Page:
‘Aesop’s Fables’ is firmly ensconced as a member of Private Press Royalty – a work of literature that has been published by numerous private presses during the modern private press movement that began began in 1890 and always to pleasing effect. I have yet to see a poor or lackluster private press version of this work. However, two versions reign supreme, considered by most collectors as amongst the finest private press books of the twentieth century and the Officina Bodoni (OB) ‘Aesop’ is one of them.
Which, of course, begs the question: “What is the OTHER great private press edition of Aesop’s Fables?” It’s this one: The Fables of Esope – Translated Out of the Fresshe in to Englysshe by William Caxton from the Gregynog Press, Newtown, 1931, illustrated by the great Scottish illustrator Agnes Miller Parker. For newer readers of Books and Vines, an excellent article on Agnes Miller Parker (AMP) was written nearly two years ago by Neil Pallan in his review of the Gwasg Gregynog two-volume set of her wood engravings for the Gregynog Press, which included ‘The Fables of Esope’ and ‘Welsh Gypsy Folk Tales’. These books were printed by hand on handmade Japanese Gampi-Vellum paper and published between 1996 to 1997 using the original wood blocks (obtained on loan from the National Library of Wales), making these illustrations available in a superb format.
I would reaffirm what Neil Pallen stated in his earlier article and review, namely, the wood-engravings Miller Parker executed for these two Gregynog Press books and the Limited Editions Club edition of Thomas Gray’s ‘Elegy Written in a Country Churchyard’ (1937) are the finest examples of her work in a private press book. Her work in subsequent publications, both for trade edition books and later LEC editions, were never reproduced and printed with quite the same expertise and fidelity.
After leaving Gregynog, Miller Parker turned away from private press work toward more commercial publishers with wider audiences. She illustrated a fable entitled ‘The Forest Giant‘ by Adrien Le Corbeau (real name: Rudolf Bernhardt) but achieved widespread recognition through her association with publisher Victor Gollancz. Gollancz paired the countryside writings of H.E. Bates with AMP and the results achieved widespread popularity and commercial success with publication of ‘Through the Woods’ (1936) and ‘Down the River’ (1937), the latter generously illustrated with 83 wood engravings. In 1940 Parker began illustrating a series of Thomas Hardy’s novels for George Macy’s Limited Editions Club (LEC) beginning with ‘The Return of the Native‘, published in the inexpensive Heritage Press format in 1942. This proved to be aesthetically unsatisfactory on multiple levels. Unlike the Gregynog ‘Fables of Esope’ or ‘Welsh Gypsy Folk Tales’, works in which Miller could stretch her imagination, Thomas Hardy was a master of descriptive prose and he provided readers with a vivid picture of his semi-fictional Wessex countryside, leaving little room for interpretation. Miller had little affinity or “feel” for the English countryside (surprising, because her work for Victor Gollancz was so successful) and its people and her illustrations often miss the mark. Worse still, the printers engaged for the Heritage Press publication were not up to the task and the extraordinary detail and subtlety of her wood-engravings are lost.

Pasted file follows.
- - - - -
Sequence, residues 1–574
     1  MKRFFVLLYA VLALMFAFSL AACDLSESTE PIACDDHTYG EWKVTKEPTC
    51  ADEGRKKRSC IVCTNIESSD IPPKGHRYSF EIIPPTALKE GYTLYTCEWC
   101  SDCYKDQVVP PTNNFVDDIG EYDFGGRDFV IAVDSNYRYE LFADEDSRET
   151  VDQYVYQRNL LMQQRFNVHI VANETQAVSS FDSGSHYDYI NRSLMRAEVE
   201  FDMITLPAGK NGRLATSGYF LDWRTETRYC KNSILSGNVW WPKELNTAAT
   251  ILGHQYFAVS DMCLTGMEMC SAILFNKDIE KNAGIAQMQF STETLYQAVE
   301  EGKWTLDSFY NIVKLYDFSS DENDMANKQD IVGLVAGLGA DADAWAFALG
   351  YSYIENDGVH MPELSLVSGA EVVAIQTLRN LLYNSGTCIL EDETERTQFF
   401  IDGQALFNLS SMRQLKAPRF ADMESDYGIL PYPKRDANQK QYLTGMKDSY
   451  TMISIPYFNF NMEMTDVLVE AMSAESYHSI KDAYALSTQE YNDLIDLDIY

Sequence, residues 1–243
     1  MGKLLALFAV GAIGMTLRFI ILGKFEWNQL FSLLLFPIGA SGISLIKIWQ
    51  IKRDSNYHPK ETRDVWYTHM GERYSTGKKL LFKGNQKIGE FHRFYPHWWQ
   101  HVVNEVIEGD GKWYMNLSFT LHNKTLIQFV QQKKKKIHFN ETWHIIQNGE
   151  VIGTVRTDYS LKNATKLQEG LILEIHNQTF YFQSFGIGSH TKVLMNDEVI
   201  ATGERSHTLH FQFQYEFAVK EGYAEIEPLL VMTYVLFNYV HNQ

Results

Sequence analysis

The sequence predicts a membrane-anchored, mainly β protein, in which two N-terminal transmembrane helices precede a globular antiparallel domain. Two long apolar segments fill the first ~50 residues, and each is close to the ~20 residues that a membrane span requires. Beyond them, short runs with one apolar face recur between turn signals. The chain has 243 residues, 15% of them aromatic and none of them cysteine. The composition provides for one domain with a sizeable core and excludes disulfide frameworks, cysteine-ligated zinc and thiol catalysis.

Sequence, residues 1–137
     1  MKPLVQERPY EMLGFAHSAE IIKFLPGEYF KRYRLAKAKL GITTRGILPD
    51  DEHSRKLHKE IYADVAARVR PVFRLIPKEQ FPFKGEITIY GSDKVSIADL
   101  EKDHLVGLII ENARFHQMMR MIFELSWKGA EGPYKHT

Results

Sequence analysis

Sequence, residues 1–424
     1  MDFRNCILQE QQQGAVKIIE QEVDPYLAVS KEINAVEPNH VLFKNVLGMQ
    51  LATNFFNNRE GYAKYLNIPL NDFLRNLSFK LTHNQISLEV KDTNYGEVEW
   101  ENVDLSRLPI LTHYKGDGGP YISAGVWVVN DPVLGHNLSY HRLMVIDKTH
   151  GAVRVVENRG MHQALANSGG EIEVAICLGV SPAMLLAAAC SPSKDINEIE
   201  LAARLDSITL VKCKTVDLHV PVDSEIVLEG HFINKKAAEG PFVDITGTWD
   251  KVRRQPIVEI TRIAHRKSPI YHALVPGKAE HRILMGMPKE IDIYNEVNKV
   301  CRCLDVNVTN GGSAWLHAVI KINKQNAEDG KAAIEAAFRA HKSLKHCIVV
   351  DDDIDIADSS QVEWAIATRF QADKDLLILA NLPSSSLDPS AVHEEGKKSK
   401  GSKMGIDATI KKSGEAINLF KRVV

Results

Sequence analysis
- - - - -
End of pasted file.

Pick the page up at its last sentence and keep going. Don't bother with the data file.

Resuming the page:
Nevertheless, Macy continued to commission Miller Parker to provide illustrations for additional LEC Hardy novels, encouraging her to visit Egdon Heath and make a series of wood engravings to serve as a baseline reference point. Subsequently, she provided wood engravings for ‘Tess of the d’Urbervilles‘, ‘Far From the Madding Crowd‘, ‘The Mayor of Casterbridge‘, and ‘Jude the Obscure‘. Her illustrations improved considerably although the quality of reproduction for her wood engravings was variable since Macy used a wide variety of publishing houses for his LEC books and some were not up to the exacting standards of the Golden Cockerel Press or the Gregynog Press printers. However, the final two LEC Hardy novels illustrated by AMP, ‘The Mayor of Casterbirdge’ and ‘Jude the Obscure‘, are both unqualified successes. By now, Miller Parker had a familiarity with the English countryside of Hardy’s novels and ‘Casterbridge’ was printed by the Thistle Press while ‘Jude the Obscure’ was printed by Joseph Blumenthal at the Spiral Press, with excellent result.
Fortunately, Miller Parker’s beautiful wood engravings have been reprinted with the technical excellence they deserve in two more recent publications from the 1990’s. The Fleece Press published ‘Agnes Miller Parker: Wood-engraver and Book Illustrator, 1895-1980‘ in 1990 with 35 wood engravings printed directly from the wooden blocks, giving a comprehensive survey of her work over many decades. As is typical of Simon Lawrence and his Fleece Press the wood engravings are printed to the highest standard, a hallmark of all Fleece Press books, with a luminous appearance that brings her illustrations to life. As referenced earlier, the Gwasg Gregynog Press published a two-volume set entitled ‘Agnes Miller Parker Wood Engravings‘ with Volume 1 reprinting wood engravings from ‘The Fables of Esope’ and Volume II from ‘XXI Welsh Gypsy Folk-Tales’, printed directly from the blocks by David Esselmont. It, too, is an extraordinary publication with state-of-the-art printing of AMP’s wood engravings, an effort that took nearly two years to complete. This set is arguably the high point of the Gwasg Gregynog press.
For this 1931 Gregynog edition of The Fables of Esope, Miller Parker designed and engraved in wood thirty seven glorious illustrations, making this edition a masterpiece of Gregynog and Miller Parker, and one of the greatest private press publications of all-time. Besides her illustrations, the edition contains a number of beautifully done initial letters designed and engraved by William MacCance. The handset Bembo type by Richard O. Jones and the use of specially made hand-made Barcham Green paper adds to the excellence of the overall package. It is bound in Welsh natural sheepskin.